The Future of ISIS Part Two: Iraq and Syria


ISIS in the core ‘Islamic State’ appears to be in a state of terminal decline. Iraqi forces are poised to take the remaining part of Mosul after months of battle, an Arab-Kurdish coalition has entered Raqqa, and in southern Syria, the Syrian Arab Army and its allies have reached the border with Iraq, closing an important ISIS route as they did so. Years of being pummeled from the air by coalition airpower, and latterly Russian air attacks, have brought about the circumstance where ISIS enters the endgame as a proto-state. The cost to infrastructure and civilians has been immense, both from ISIS invasion and rule and the campaigns to defeat them. The battles are not over, nor the ‘war’ won, but the end is in sight.

To be sure, nothing should be taken for granted, the victory is not yet here, and the nature and viability of ISIS in its soon to be former heartland is in the hands of a multitude of actors whose differences have the potential to throw victory away. This is a concern in terms of the future security of people in both Iraq and Syria and in terms of the gross trauma that has been inflicted on them. The former is critical in allowing them to recover and rebuild and the latter an unnecessary human-inflicted tragedy.

In an earlier blog it was argued that ISIS would revert to the tactics of terrorism and insurgency that drove their forces forward in 2014 and that the weakness of Iraq and Syria as cohesive states provided the conditions for a revival of ISIS or the emergence of a similar group in the future. These are a concern as the lack of a territory and military defeat does not make ISIS a lost cause as its ideology incorporates an apocalyptic worldview, which conveniently works during either military victory or defeat. The ideology remains as a seed to be sowed in all weathers and climes and these take root where there is an absence of security and/or the state is weak, much in the way that the crushing of Al-Qaeda in Afghanistan has not prevented its re-emergence since. The jihadist ideology thrives in conflict zones.

This brings us to where it can go wrong in a regional environment with multiple actors and interests whose aims and goals are incompatible. There was no alliance between these regarding ISIS, more a convergence of interests that meant they fought ISIS separately at the same time. The battles for the future of Syria are not simply a matter of the people of Syria deciding who rules Syria but more a matter of the interests of competing regional powers within a battle zone that they have transformed into a sectarian battleground. They have been assisted in this by the US led coalition and Russia, who clearly support, respectively, the moderate opposition and the Government. Al-Qaeda linked groups remain, who have proved to be very effective in their battles and still hold territory. How they will fare depends on what the other actors do, and thus far, they have made their own interests a priority over the ending of Syria’s war. Every regional and international power, including the US, France, UK, Saudi Arabia, Russia, Turkey, and Iran, has sought to mediate an end to the war, but with their own terms in mind, while most continue to be active militarily. With no end in sight to this and the lack of security and stability that comes with it, Syria remains vulnerable to a Jihadist revival and at the very least will host jihadist terror groups’, the question is under what banner.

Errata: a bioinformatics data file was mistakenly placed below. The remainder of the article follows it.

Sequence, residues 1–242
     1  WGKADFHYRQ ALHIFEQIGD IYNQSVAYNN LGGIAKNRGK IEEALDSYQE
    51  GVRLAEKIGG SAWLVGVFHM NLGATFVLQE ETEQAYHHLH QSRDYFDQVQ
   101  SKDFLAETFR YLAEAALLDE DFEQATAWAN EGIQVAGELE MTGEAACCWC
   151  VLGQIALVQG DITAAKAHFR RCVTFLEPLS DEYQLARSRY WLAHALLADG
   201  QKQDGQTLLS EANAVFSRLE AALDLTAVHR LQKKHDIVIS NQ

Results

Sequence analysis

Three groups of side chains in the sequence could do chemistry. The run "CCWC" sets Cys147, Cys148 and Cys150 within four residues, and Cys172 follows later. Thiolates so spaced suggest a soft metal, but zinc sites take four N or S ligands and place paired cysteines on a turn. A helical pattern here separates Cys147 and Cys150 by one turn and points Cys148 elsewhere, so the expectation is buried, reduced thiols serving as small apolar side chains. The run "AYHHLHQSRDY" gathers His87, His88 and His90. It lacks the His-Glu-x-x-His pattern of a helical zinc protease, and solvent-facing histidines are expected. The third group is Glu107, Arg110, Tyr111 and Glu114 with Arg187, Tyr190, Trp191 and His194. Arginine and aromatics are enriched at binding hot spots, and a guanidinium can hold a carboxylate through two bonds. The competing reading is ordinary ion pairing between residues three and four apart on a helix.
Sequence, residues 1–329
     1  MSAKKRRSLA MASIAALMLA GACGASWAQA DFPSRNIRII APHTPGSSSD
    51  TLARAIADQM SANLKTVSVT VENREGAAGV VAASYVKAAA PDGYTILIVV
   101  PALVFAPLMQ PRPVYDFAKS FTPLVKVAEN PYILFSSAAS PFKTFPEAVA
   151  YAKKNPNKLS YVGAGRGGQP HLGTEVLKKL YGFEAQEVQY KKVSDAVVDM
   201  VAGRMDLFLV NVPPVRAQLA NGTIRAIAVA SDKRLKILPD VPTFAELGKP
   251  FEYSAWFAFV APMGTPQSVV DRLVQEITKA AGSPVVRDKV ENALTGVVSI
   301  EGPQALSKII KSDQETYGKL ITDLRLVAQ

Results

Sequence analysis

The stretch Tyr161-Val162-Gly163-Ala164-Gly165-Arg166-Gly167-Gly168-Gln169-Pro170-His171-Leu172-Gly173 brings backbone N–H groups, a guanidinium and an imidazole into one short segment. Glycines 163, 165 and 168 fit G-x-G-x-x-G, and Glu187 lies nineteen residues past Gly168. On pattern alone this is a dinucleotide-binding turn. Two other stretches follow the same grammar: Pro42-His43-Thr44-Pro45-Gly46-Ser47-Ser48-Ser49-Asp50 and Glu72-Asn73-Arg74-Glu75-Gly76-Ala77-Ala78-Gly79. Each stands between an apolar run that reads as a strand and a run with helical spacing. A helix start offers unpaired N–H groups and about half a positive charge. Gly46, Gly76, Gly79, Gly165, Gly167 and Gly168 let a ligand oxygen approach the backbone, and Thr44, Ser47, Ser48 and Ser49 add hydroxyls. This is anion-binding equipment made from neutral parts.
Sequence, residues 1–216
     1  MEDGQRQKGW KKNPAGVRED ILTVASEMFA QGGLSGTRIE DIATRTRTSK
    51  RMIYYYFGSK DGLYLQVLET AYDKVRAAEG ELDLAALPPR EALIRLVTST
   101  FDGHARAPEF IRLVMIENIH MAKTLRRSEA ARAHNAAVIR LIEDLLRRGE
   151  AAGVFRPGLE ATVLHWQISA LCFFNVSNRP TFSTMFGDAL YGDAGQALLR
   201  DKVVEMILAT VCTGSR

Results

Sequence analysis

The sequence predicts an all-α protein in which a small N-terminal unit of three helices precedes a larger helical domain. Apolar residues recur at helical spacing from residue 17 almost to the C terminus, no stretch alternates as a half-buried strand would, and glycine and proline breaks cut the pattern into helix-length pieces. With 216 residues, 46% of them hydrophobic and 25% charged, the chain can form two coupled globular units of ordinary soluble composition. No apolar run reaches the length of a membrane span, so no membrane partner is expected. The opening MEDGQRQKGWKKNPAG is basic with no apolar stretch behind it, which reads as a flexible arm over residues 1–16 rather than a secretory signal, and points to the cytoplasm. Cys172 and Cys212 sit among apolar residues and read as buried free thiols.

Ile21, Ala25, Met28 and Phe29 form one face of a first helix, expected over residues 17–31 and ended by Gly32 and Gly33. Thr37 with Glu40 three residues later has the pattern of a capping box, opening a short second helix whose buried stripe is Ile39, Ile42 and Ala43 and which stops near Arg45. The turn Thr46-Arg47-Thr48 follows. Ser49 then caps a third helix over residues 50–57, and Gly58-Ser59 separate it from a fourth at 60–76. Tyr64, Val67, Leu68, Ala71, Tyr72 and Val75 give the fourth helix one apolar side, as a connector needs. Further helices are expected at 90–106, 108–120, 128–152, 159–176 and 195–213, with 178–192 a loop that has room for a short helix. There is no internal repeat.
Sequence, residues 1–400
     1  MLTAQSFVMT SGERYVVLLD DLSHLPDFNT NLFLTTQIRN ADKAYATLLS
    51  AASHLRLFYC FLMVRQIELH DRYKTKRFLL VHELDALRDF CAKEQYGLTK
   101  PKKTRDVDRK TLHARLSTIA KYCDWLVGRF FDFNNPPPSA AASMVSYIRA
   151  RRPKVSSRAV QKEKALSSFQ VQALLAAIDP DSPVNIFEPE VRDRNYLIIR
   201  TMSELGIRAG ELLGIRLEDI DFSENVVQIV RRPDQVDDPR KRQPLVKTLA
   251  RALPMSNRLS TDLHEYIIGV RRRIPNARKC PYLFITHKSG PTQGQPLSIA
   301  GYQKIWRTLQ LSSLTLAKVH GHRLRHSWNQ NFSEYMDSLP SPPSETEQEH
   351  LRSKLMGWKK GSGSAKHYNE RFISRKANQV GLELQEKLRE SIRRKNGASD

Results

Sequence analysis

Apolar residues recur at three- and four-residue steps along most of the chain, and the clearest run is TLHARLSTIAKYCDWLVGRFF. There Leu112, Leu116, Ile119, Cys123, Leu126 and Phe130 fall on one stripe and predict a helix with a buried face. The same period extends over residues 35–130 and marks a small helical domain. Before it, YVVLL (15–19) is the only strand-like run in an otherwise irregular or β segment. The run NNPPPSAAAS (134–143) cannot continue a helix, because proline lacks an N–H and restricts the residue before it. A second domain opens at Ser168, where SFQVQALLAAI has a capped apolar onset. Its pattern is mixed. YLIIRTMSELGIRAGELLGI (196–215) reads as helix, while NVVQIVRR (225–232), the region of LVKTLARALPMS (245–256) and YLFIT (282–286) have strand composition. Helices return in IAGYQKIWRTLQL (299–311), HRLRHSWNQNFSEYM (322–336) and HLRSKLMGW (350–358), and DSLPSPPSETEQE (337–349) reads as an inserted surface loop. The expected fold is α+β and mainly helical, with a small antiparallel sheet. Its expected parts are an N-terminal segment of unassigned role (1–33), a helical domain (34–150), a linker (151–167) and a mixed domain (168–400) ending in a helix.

The other problem is that preventing the re-emergence of ISIS, or a successor group, is not simply dependent on military solutions, but the prickly question of representation in society and politics. This was at the heart of the uprising in Syria in 2011 and has proved to be a major problem in post-invasion Iraq, whose security relies on a hodgepodge of the Iraqi security forces, Shia and Sunni militias (Iraqi and Iranian), tribal groups, and Kurdish peshmerga. The war against ISIS is unfinished and Iraq is a divided state along sectarian lines with clear Sunni, Shia, and Kurdish areas. The Shia’s and the Kurd’s have been critical to retaking the predominantly Sunni areas of Iraq from ISIS and are welcome liberators, but the provision of long term security and stability is another matter, and needs to fall to either the Iraqi army or Sunni defence forces, lest liberators come to be seen as occupiers. The question for Iraq is the reintegration of Sunni’s into the social and political sphere in manner where they see their interests as being fairly represented. This is a massive task, while Shia Iran maintains an influence and the Shia are in the majority and the Kurd’s are considering independence, a prospect that will alarm Turkey the most. Yet it must be done, less the Jihadist groups infiltrate again and do their damage even as the villages, towns, and cities of western and northern Iraq are being rebuilt. Winning military battles is one thing, rebuilding a country and dealing with the human cost and damage to infrastructure is another. This is where the resources of the international community will prove invaluable.

For more information regarding this week’s blog see:

Dr Carl Turner,

Site Coordinator

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